Firebird Journal

Survival and Renewal in the Anthropocene

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The Great Disruption — sea-level rise

Kin Canute rebukes his courtiers - engraving by Alphonse-Marie-Adolphe de Neuville (reproduced by John Henry Haaren: "Famous Men of the Middle Ages," 1904)

This is the fifth part of a series on what Australian author Paul Gilding, in his 2011 book on the climate catastrophe, has called “The Great Disruption” (Read Part 1, 2, 3, 4). Gilding’s thesis, and that of this series, is not that we are necessarily headed toward the end of the world, or even the end of civilization, but toward a significant disruption of our economic and social systems caused by the biosphere’s loss of much of its resilience, and large swaths of the planet becoming unproductive or uninhabitable. In this series, we’ll examine disruption caused by environmental shocks to the planet’s system, and discuss how these impacts can overlap each other, disrupting many of global civilization’s functions.

“…continuing to rise as usual [the tide] dashed over his feet and legs without respect to his royal person,” Henry of Huntingdon, Historia Anglorum, circa 1129 A.D.

Well, at least King Canute knew better.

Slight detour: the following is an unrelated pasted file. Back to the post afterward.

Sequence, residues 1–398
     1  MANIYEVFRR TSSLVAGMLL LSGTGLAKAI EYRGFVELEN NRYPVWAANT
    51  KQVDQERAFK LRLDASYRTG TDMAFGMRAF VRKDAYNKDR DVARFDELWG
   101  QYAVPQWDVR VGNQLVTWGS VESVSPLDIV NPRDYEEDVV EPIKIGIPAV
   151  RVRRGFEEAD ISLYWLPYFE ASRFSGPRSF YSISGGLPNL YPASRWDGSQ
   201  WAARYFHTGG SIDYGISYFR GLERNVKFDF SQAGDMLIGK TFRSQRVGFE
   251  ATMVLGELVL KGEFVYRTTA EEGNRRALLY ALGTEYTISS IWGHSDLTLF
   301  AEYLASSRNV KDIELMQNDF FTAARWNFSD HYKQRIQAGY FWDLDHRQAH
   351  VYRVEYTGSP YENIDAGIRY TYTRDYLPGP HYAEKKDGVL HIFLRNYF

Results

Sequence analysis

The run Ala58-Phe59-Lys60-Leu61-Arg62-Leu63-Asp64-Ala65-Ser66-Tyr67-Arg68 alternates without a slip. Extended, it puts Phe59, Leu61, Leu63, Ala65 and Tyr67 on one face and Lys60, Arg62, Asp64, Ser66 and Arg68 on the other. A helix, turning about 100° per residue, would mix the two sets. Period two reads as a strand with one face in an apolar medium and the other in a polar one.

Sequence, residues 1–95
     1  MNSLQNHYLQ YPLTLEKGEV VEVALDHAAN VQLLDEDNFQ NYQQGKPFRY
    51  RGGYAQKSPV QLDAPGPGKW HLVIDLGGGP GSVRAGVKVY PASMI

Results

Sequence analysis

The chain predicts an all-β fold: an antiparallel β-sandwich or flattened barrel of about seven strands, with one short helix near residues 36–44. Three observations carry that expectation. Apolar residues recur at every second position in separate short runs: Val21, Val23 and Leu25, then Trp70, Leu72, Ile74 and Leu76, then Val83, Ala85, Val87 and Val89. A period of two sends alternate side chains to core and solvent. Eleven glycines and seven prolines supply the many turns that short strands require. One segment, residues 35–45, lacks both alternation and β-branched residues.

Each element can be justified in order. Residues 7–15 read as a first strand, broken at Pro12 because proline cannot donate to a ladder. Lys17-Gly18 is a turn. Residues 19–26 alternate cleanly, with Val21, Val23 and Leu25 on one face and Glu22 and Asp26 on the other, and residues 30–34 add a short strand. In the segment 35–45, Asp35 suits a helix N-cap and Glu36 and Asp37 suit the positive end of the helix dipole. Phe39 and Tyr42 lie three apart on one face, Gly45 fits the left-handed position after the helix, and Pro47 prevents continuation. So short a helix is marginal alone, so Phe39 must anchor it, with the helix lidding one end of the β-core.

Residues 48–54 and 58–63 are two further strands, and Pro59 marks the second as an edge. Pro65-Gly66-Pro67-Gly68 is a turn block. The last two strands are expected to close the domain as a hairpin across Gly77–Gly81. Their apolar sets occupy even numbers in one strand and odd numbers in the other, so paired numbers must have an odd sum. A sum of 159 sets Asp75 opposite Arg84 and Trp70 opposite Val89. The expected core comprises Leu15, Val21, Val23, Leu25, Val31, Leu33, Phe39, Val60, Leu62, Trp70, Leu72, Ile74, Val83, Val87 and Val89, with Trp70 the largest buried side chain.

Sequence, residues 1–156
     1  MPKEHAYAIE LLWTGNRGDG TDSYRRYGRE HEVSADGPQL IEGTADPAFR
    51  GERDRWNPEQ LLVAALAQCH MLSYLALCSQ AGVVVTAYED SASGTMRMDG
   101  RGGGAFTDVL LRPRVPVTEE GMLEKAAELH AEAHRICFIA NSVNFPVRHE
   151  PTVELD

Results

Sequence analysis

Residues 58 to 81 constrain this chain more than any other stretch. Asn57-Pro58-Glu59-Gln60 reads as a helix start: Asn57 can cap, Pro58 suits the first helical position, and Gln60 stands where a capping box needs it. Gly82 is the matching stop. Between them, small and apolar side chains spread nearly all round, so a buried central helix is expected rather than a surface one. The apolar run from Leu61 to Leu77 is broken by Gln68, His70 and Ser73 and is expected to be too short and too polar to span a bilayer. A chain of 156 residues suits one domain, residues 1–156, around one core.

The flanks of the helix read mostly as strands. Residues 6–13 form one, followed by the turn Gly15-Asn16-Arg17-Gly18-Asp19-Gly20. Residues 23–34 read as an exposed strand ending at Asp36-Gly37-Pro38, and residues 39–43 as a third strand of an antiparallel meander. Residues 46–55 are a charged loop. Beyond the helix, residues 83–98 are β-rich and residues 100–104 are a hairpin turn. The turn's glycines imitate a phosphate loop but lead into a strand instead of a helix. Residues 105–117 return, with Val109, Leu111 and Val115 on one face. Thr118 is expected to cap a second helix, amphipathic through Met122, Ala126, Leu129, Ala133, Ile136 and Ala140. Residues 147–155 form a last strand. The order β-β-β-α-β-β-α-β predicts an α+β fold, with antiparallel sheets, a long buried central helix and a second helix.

According to the English historian Henry of Huntington, the good king — who was a brilliant general and statesman responsible for the early medieval unification of the disparate kingdoms of Denmark, Norway and England into a single North Sea Empire — was humble, and wary of hubris.

When his fawning courtiers implied that he had supernatural powers, he bade them set his throne at the ocean’s edge. There he sat, commanding the tide not to rise. It rose, of course, as he knew it would. Whereupon he told his entourage, “Let all men know how empty and worthless is the power of kings,” because, “heaven, earth and sea obey eternal [God-given] laws.”

Today we call those “laws” natural and understand their mechanics. For example, adding greenhouse gases to the atmosphere increases the amount of outgoing radiated heat that’s returned to the earth’s surface, warming it. The increased warming causes seawater to expand, rising along shorelines. Increased heat also makes glaciers melt more quickly, adding to sea-level rise. Higher sea levels mean more destructive storm surges and the erosion of formerly stable beaches. Thus the sea “obeys” natural laws.

But somehow these facts seem to have been overlooked by many of the affluent, and presumably well-educated, residents of the coastal town of Salisbury Beach, Massachusetts, located about 35 miles north of Boston. There, a series of winter storms washed away the shore protecting a strip of expensive seaside houses, and seawater flooded some first-story rooms. One of those houses, at the very edge of an eroded dune, is now “newly listed” for sale at $3.5 million.

In response, a group called “Salisbury Beach Citizens for Change” raised $600,000 in contributions from homeowners and had 15,000 tons of sand dumped along a 1.5-mile stretch of beach, completing the project on March 7.